A report by the world's leading authorities will expose a growing gulf between a Tory party intent on halting construction of more onshore windfarms and the world's leading scientists, who see them as one of the cheapest ways to provide energy while at the same time saving the environment.

    Mitigation of Climate Change, by the UN's Intergovernmental Panel on Climate Change (IPCC), a panel of 200 scientists, will make it clear that by far the most realistic option for the future is to triple or even quadruple the use of renewable power plants. Only through such decisive action will carbon dioxide levels in the atmosphere be kept below the critical level of 480 parts per million (ppm), before the middle of the century. If levels go beyond this figure, the chances of curtailing global mayhem are poor, they will say.

    The report – the third in a series by the IPCC designed to highlight the climate crisis now facing the planet – is intended as an urgent wake-up call to nations to commit around 1-2% of GDP in order to replace power plants that burn fossil fuels, the major cause of global warming, with renewable sources.



    Its conclusions represent a huge challenge for Cameron and the Conservative party – which is now laying plans to block the construction of new onshore windfarms in Britain, the country's only realistic, reasonably priced renewable energy option other than solar power, which has limited potential in the UK.

    Having promised to lead "the greenest government ever", Cameron now stands accused by the green lobby of watering down his commitments in response to the threat of Ukip, which campaigns heavily against windfarms.

    The prime minister's green credentials have also been called into question by the appointment in 2012 of Owen Paterson, a climate-change sceptic, as environment secretary. Paterson said in September 2013: "People get very emotional about this subject and I think we should just accept that the climate has been changing for centuries."

    An Opinium/Observer poll – which today puts Ukip on 18% support – also finds that just 15% of voters think Cameron has lived up to his promises on the environment, against 46% who think he has not. In addition, only 20% disagreed with the suggestion that the government was giving priority to short-term economic growth over the sustainable use of the environment.

    Last week local government secretary Eric Pickles announced he had taken personal control over all future decisions about new onshore windfarms, while Grant Shapps, the Conservative party chairman, said wind turbines were no longer "environmentally friendly". Shapps also suggested that the Tories would pledge to curb them in their 2015 election manifesto and instead approve only offshore windfarms.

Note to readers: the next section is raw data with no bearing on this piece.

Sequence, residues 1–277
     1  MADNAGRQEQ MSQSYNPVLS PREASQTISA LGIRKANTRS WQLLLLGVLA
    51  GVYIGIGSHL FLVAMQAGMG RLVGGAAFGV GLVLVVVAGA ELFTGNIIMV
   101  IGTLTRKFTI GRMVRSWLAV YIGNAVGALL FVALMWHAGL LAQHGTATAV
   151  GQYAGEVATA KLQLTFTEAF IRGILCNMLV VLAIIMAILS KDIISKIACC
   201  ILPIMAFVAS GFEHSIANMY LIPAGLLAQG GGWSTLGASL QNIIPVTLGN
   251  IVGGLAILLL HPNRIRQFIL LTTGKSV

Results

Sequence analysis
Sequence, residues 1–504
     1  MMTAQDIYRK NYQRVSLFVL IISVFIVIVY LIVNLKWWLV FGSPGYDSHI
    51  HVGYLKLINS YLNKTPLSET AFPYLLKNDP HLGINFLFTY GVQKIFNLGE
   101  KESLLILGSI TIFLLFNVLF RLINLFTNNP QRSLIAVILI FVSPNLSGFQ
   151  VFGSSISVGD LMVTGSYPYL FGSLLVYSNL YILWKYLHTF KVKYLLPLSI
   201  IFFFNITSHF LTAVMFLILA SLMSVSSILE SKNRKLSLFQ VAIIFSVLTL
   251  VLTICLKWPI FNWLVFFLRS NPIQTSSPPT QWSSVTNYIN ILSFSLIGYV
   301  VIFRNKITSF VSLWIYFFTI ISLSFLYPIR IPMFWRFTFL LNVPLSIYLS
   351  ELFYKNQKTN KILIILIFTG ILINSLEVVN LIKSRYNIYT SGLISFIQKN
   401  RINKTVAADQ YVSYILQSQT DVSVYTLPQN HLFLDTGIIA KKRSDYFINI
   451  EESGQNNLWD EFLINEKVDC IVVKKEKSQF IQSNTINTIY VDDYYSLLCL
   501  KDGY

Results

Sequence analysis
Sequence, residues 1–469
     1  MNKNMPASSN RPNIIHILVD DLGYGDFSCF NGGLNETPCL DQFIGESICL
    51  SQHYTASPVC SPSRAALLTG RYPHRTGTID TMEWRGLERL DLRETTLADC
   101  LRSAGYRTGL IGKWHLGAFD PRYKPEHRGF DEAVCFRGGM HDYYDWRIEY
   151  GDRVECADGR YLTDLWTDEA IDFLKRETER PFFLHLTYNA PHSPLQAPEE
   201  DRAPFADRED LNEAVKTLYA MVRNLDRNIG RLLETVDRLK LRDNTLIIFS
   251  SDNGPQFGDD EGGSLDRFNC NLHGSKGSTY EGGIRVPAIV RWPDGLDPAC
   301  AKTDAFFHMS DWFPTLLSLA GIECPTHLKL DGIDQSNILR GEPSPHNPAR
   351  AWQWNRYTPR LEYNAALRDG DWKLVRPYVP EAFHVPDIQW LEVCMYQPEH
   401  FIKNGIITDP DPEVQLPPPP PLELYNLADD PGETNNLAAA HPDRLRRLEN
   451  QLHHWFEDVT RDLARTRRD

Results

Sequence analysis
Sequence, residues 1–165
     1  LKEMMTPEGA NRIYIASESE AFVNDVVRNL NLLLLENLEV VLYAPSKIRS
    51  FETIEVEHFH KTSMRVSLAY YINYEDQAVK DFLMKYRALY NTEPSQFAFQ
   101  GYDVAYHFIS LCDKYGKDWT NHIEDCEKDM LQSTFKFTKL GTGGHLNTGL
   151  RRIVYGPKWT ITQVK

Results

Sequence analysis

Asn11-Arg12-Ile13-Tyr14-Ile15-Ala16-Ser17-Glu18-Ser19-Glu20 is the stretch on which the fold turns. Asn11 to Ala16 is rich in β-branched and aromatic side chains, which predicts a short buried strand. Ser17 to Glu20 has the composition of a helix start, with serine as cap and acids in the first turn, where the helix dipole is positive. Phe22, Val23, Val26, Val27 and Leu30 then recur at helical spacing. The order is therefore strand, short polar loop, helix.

However, the move would cripple the ability of the government to play a full part in curtailing carbon dioxide emissions, and experts warn it could lead to higher energy prices.

    Onshore wind power costs around £90 per megawatt hour to generate, but for offshore windfarms this rises to £150. Other renewable energy sources are either of limited use in Britain or are not yet fully developed, such as tidal power. Nuclear energy is one alternative, but is controversial, and a major construction programme would take decades to approve and construct.

    "Renewable energy is backed by the public; wind power has the support of two thirds (66%) of Britons and the CBI has called on action to tackle climate change," said Christian Aid's senior climate change advisor, Mohamed Adow. "The government should be doing all it can to put the UK at the forefront of this energy revolution not blowing hot and cold on the issue.

    Joss Garman, Greenpeace's deputy political director, said: "These scientists have shown us that it's not too late and we can still avoid the worst impacts of climate change, but only if we get behind the clean energy solutions that can slash carbon pollution. Renewable energy technologies are already the least-cost option in a growing number of major markets, and they're getting cheaper all the time.Rather than turning back towards dirty fuels like coal and gas, now is the time for Ministers to double down on our transition towards a cleaner energy system. This report shows that the sooner we act, the cheaper it will be."

    The new report has taken four years to compile. It is expected to say the UN target – to limit global warming to 2 degrees celsius (3.6 degrees fahrenheit) – is feasible only if surging carbon emissions are swiftly braked and then reversed.

    The first report forecast that global temperatures would rise by 0.3-4.8C this century, on top of roughly 0.7C since the industrial revolution. Seas are forecast to rise by 26-82cm by 2100. The second report, which was issued last month, dwelt on the likely impacts and warned that the risk of conflict, hunger, floods and mass displacement increased with every minuscule rise in temperature.